Phew – you are done. Your homework is to do other stuff until I see you after exam leave!
Make sure that you are really familiar (which I am sure you are) with GSMIRTH categories and that you have read the tips in the handbook for answering questions. You need to be strategic, writing down everything as you hear it. Keep answers simple, detailed and technical, making sure that you describe sequences of events (e.g. first the cellos have a tonic pedal then the horns enter playing a rising arpeggo).
There are plenty of spare listening tests on Moodle – make sure you do them and come to revision sessions to keep your skills fresh
You need to make 10 points to get full marks, bearing in mind the following:
- Stick to core points (discussed in the revision notes) not made up peripheral ones
- All your points should be about bar-numbered features of the score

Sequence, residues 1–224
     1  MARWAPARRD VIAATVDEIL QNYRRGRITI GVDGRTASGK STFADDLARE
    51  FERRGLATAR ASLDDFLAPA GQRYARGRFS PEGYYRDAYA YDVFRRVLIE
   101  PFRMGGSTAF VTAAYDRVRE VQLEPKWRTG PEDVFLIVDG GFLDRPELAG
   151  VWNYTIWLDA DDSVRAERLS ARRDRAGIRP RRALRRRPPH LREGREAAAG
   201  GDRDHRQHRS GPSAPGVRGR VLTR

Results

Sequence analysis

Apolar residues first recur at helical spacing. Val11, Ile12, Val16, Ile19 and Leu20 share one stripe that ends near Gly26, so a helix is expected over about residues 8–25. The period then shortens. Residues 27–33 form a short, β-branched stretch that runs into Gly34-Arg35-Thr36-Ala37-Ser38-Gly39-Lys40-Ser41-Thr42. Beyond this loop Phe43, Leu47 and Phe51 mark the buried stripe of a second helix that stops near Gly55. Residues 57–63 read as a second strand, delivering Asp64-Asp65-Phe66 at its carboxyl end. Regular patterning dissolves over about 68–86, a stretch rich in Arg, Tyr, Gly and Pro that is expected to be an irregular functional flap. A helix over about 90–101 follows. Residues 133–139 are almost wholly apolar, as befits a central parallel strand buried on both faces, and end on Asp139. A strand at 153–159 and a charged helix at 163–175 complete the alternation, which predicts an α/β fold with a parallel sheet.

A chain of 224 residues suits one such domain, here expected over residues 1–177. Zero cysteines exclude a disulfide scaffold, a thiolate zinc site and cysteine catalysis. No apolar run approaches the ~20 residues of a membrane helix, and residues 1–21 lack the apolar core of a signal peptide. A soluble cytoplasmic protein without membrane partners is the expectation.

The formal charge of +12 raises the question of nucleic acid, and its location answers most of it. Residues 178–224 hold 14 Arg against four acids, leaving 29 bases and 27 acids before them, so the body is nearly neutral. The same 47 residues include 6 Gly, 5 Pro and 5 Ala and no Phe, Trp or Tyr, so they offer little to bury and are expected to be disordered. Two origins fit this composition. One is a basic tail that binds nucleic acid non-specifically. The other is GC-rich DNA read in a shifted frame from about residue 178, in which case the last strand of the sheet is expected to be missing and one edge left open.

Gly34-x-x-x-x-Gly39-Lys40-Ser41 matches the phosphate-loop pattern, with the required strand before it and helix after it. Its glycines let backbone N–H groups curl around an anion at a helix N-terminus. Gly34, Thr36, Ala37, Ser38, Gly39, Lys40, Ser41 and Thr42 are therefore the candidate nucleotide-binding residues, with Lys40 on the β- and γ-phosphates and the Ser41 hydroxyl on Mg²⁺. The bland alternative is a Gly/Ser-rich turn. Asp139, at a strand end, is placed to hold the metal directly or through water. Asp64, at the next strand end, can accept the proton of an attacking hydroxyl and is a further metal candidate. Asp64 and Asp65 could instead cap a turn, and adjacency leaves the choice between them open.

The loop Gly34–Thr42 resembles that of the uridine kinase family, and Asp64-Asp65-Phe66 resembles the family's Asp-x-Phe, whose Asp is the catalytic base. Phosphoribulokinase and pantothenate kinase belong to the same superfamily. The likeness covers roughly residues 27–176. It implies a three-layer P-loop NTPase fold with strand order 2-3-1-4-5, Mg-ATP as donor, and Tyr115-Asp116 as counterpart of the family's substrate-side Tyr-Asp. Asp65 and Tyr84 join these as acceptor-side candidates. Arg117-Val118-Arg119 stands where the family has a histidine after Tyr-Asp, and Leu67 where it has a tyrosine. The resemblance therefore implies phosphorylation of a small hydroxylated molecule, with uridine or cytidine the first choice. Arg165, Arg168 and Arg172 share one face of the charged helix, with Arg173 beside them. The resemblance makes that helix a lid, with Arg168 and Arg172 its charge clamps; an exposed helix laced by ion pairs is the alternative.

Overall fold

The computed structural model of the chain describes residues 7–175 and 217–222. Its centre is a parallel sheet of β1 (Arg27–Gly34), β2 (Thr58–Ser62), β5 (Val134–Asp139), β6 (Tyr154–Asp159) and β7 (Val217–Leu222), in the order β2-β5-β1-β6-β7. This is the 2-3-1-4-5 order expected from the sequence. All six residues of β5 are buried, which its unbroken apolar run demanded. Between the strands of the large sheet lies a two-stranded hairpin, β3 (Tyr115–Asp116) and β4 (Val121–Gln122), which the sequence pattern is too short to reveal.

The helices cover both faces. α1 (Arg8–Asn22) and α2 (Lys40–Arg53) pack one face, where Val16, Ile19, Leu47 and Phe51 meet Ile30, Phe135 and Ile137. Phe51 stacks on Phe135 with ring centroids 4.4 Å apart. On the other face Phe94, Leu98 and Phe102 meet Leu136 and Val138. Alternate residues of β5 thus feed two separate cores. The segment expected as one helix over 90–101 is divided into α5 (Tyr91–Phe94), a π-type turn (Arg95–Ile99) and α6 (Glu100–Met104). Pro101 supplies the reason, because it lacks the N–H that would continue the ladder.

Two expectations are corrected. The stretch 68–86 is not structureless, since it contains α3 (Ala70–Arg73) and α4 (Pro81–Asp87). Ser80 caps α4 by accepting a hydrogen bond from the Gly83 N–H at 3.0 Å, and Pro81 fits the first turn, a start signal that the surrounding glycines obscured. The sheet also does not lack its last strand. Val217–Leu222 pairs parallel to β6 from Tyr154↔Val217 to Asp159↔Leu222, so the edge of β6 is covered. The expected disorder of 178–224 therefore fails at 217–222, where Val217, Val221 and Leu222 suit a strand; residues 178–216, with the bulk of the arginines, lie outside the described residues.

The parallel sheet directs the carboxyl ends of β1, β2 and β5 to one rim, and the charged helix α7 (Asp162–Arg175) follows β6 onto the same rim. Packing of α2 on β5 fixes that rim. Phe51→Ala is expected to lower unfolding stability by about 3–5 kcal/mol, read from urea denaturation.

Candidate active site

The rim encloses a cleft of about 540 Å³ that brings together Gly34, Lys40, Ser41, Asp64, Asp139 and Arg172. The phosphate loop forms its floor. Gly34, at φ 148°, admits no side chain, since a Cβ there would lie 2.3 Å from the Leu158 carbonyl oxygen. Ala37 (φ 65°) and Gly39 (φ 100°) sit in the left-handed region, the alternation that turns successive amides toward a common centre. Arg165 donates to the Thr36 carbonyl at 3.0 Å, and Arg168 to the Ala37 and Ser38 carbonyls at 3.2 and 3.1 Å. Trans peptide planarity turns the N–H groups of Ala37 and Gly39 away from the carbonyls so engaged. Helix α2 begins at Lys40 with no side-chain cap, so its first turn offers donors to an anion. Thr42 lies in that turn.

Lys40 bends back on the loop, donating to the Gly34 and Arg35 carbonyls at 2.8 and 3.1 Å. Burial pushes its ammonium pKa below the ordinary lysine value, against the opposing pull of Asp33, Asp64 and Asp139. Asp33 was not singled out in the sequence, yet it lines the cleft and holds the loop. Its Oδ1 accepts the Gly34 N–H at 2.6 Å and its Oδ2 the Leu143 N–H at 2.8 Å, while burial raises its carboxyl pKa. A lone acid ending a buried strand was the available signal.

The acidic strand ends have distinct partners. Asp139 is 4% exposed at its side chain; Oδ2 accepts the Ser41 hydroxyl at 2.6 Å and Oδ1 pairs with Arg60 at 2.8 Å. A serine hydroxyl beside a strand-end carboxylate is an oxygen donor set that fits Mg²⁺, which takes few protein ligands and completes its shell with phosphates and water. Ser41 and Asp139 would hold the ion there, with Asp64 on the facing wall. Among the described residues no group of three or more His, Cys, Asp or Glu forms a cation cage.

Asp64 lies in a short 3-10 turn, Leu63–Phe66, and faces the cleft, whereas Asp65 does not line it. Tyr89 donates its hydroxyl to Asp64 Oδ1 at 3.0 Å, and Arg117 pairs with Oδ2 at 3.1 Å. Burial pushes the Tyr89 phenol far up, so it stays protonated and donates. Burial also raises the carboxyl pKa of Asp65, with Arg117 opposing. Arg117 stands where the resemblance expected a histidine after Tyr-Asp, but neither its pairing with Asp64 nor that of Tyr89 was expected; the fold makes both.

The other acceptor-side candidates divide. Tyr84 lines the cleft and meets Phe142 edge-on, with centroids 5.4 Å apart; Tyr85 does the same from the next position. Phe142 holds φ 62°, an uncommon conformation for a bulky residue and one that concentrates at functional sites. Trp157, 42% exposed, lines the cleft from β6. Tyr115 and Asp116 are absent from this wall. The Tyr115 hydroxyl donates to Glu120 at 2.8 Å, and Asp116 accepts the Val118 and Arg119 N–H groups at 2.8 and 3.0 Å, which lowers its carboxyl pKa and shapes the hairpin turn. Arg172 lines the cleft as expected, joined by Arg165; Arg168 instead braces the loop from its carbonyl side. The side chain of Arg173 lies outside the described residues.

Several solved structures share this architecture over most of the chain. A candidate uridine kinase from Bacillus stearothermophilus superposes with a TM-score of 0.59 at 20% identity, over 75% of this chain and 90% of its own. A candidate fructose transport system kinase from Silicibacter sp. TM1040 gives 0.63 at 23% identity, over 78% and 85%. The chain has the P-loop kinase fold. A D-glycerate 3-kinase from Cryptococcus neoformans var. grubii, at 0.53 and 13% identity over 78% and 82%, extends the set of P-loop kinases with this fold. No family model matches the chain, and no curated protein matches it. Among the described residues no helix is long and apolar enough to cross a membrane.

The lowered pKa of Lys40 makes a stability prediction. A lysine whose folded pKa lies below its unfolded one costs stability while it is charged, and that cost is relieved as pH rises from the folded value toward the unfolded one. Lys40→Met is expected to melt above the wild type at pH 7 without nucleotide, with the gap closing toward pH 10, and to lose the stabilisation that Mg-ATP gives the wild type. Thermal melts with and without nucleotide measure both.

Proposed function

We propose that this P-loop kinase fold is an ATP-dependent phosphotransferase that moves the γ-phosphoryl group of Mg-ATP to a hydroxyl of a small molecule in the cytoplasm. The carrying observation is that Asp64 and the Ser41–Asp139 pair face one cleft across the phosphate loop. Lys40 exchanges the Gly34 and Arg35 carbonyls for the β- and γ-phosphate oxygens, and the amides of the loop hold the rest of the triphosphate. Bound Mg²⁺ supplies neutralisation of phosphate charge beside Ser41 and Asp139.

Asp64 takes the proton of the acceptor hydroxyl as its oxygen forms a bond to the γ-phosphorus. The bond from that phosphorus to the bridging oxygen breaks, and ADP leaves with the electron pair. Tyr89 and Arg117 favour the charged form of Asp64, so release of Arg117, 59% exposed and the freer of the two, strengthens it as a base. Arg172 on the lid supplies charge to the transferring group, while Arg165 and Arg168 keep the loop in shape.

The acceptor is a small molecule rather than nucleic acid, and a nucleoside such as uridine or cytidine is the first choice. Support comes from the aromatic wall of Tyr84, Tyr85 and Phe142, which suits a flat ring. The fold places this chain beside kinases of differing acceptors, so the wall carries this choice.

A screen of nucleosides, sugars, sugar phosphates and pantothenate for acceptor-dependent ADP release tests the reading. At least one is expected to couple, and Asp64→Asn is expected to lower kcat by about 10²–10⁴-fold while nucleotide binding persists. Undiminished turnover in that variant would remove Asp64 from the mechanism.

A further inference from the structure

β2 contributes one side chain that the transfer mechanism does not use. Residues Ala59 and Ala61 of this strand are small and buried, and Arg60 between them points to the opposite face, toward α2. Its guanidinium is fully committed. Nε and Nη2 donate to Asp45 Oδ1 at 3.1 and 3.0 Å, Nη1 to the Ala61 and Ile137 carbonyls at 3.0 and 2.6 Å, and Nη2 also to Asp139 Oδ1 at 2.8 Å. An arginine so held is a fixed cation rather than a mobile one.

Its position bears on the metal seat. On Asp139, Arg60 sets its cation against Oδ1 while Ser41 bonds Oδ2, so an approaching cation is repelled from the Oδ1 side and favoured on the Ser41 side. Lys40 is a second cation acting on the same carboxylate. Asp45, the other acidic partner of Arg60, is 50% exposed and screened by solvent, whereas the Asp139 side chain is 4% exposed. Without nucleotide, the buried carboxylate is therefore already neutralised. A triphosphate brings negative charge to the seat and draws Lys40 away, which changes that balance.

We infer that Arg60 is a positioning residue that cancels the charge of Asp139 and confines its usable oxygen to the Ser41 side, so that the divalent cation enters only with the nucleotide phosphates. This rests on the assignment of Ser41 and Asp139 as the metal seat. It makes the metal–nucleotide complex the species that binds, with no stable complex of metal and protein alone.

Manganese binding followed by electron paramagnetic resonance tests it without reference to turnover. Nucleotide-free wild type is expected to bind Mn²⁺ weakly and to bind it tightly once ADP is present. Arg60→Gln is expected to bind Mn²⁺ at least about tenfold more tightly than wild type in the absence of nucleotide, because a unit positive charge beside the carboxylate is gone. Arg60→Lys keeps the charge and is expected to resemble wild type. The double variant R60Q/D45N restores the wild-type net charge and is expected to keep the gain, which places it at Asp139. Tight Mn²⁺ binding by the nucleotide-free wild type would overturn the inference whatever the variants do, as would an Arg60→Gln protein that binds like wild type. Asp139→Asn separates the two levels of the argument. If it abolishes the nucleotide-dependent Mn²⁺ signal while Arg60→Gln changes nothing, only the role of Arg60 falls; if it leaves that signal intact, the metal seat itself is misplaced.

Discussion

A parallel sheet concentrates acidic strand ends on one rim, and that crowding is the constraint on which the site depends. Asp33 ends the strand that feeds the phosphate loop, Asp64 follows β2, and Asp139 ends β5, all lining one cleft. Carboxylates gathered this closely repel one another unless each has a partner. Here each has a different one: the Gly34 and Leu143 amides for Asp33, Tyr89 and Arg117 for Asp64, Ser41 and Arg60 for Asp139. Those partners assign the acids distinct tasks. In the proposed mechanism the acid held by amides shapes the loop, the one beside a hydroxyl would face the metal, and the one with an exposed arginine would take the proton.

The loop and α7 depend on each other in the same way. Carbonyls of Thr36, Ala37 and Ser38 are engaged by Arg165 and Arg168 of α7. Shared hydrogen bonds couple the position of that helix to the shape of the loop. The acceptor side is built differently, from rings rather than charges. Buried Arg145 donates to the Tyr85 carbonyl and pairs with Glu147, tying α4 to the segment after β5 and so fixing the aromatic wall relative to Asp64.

- Briefly relate each point back to the question
- Use technical language correctly (e.g. chromatic/dissonant) and succinctly
- Write a short introduction explaining the question and setting out the terms of your answer (e.g. Expressionist composers wanted to break free of the conventions of musical language in order to convey emotions more directly and intensely)
Listening to the music with heavily annotated scores is the best form of revision both for Question 1 and also for Question 3 – scores should be annotated from your revision notes AND those on Moodle (particularly in the case of vocal works, which are not in the main revision booklet).
You need to make sure you have learnt thoroughly the following:
For Question 3 …
- Standard comparison questions (and regularly reviewed answers to them)
- The content needed for Context questions (including making sure you are ready for variants of the Tippett and Webern questions)
- Basic facts about all the pieces (keys, metre, structure etc.)
For Question 5 …
- Cadence fingerprints
- Method for completing harmony
- Double SLAP
For Question 4 …
- Standard embellishments
- Different types of chords and cadences